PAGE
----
By Lisa Baldwin- On a recent walk in my neighborhood, I found myself exhilarated by the cool mountain air, blue sky and the Maple trees’ early display of golden leaves. Then I rounded a corner and met with another breathtaking view – my neighbor’s trash. Sparkling in it was a large ornately framed mirror in near-perfect condition.
I have to admit it – I am a self-professed “picker,” an antique and thrift store junkie. After quickly inspecting the dew-soaked mirror, I walked home, got in my Suburban and went back to fetch the prize. It now hangs proudly at the end of my hallway.
But this got me to thinking about mirrors – how they reflect light and can make a room, or hallway look bigger. Isn’t this what exposing the truth is about? Allowing light to expose or reflect the truth on a situation brings it to a larger audience.
Clearly, Mission Health and Blue Cross/Blue Shield have reached an impasse and neither will budge. One wants higher prices and the other wants to keep costs down. How did this happen? Let’s use our mirror to reflect some light on this multi-faceted issue.
In North Carolina, we face the dire consequences of a little known class of laws – the Certificate of Need or CON laws.
CON law restrictions come in addition to state licensing and training requirements for medical professionals. They require that all medical providers wanting to build or expand an existing health care facility, offer new services, or acquire new medical equipment must first gain approval from state regulators.
North Carolina’s 25 CON laws limit health care competition – driving up prices and lowering the quality of care. We’ve created a monster of hospital monoliths, complicated by the Affordable Care Act which has narrowed the competition among health insurers. These state CON laws go hand-in-hand with the federal Affordable Care Act, helping to create the impasse: As a “monopoly” Mission Hospital wants to be able to raise prices but “monopoly” Blue Cross/Blue Shield wants to keep costs down and won’t budge on a 0% increase for the coming year.
The Mission and Blue Cross impasse is a mirror reflecting the effects of North Carolina CON laws, further complicated by the Affordable Care Act. These laws created the Mission Hospital “monopoly” in Buncombe County. Usually the monopolist can control the market price. In this unusual situation, two “monopolies” – Mission and BC/BS – go head to head.
According to recent findings by The Mercatus Center, North Carolina is one of 32 states with four or more CON regulations. Health-care providers cannot open or expand facilities, or buy certain equipment unless they undergo a time-consuming, rigorous application process. Existing health-care providers get to decide whether they need competition. Instead of preserving hospital services in rural communities, CON laws are limiting competition and important services, like labor and delivery, are being eliminated in western NC communities like Brevard. The laws are having the opposite effect of what was intended.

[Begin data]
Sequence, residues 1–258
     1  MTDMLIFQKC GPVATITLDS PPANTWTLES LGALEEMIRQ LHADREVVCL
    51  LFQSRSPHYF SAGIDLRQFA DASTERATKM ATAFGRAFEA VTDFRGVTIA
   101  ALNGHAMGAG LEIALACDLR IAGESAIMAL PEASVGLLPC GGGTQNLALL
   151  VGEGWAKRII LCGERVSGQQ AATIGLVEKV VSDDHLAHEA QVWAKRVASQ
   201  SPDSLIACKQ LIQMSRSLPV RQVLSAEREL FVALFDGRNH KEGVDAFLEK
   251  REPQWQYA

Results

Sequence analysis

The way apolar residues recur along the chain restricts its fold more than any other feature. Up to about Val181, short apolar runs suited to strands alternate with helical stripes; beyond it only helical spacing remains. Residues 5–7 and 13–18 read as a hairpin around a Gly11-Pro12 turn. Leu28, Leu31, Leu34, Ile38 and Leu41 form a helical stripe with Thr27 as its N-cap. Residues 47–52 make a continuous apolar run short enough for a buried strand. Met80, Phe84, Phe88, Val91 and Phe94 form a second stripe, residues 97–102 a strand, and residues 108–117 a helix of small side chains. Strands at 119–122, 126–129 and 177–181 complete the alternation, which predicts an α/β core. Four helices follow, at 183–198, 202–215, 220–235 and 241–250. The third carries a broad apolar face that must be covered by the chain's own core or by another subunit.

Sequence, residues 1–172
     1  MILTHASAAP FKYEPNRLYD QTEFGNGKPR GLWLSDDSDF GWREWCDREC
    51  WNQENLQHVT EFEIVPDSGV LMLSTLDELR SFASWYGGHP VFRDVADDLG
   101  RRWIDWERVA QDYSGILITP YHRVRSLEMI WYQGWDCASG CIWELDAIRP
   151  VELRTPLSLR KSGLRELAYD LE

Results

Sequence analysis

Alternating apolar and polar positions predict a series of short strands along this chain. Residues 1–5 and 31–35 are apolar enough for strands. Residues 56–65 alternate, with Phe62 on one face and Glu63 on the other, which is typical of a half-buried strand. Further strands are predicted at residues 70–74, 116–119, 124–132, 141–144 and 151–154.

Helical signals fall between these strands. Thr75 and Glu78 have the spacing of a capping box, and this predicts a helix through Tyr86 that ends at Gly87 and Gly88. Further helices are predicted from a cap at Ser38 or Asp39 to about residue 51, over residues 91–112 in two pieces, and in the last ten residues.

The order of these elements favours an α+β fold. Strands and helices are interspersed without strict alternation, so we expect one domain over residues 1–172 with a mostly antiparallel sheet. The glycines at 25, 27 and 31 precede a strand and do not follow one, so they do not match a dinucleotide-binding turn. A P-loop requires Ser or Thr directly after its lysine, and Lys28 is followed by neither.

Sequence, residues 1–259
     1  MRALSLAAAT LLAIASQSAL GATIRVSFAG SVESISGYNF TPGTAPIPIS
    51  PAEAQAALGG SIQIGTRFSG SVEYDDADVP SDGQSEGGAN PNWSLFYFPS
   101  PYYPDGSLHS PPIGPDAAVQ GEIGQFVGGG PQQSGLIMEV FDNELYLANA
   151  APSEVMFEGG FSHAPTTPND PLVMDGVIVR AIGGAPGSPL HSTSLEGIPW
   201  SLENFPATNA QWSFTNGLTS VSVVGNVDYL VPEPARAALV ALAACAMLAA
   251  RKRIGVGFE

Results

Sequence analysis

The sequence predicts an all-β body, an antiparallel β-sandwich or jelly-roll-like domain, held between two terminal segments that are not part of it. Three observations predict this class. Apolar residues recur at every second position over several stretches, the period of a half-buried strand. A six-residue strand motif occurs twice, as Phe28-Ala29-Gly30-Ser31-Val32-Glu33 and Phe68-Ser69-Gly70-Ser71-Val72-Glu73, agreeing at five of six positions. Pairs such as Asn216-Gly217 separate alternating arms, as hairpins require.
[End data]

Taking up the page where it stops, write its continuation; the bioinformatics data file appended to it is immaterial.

Let’s look at some statistics. In July, Mission gave notice that it would terminate its contract with BC/BS on October 5, 2017. The reason? They say they can’t provide health care services without a price increase. According to Mission Health’s website, they “serve a higher population of patients insured by Medicare or Medicaid that reimburse us below costs; and we also serve a higher volume of uninsured patients than most health systems.” Essentially, the government “doesn’t pay enough,” so Mission needs to make money on the rest of us who have private insurance.
Let’s rewind to the state legislature’s June budget session. The NC Senate included a gradual repeal of the state CON laws in their version of the biennial (every two years) budget. But when the state House merged their budget to come up with the final version, the CON law repeal had vanished. Since then, Representative Chuck McGrady said in an email he would be “open to changing NC’s CON law. Whatever change might occur, though, should be done incrementally, so that health care organizations (hospitals, hospices, assisted living facilities, etc.) can plan for the changes. In other words, we can’t move from where we are without allowing various health providers the ability to adapt to new rules.”
But time is running out for health care consumers. And not only because death rates are higher in states with CON laws. Western North Carolina BC/BS customers will have to find alternative providers on Oct. 5th. The North Carolina legislature needs to act soon to repeal or phase-out our self-destructive CON laws. The mirror doesn’t lie.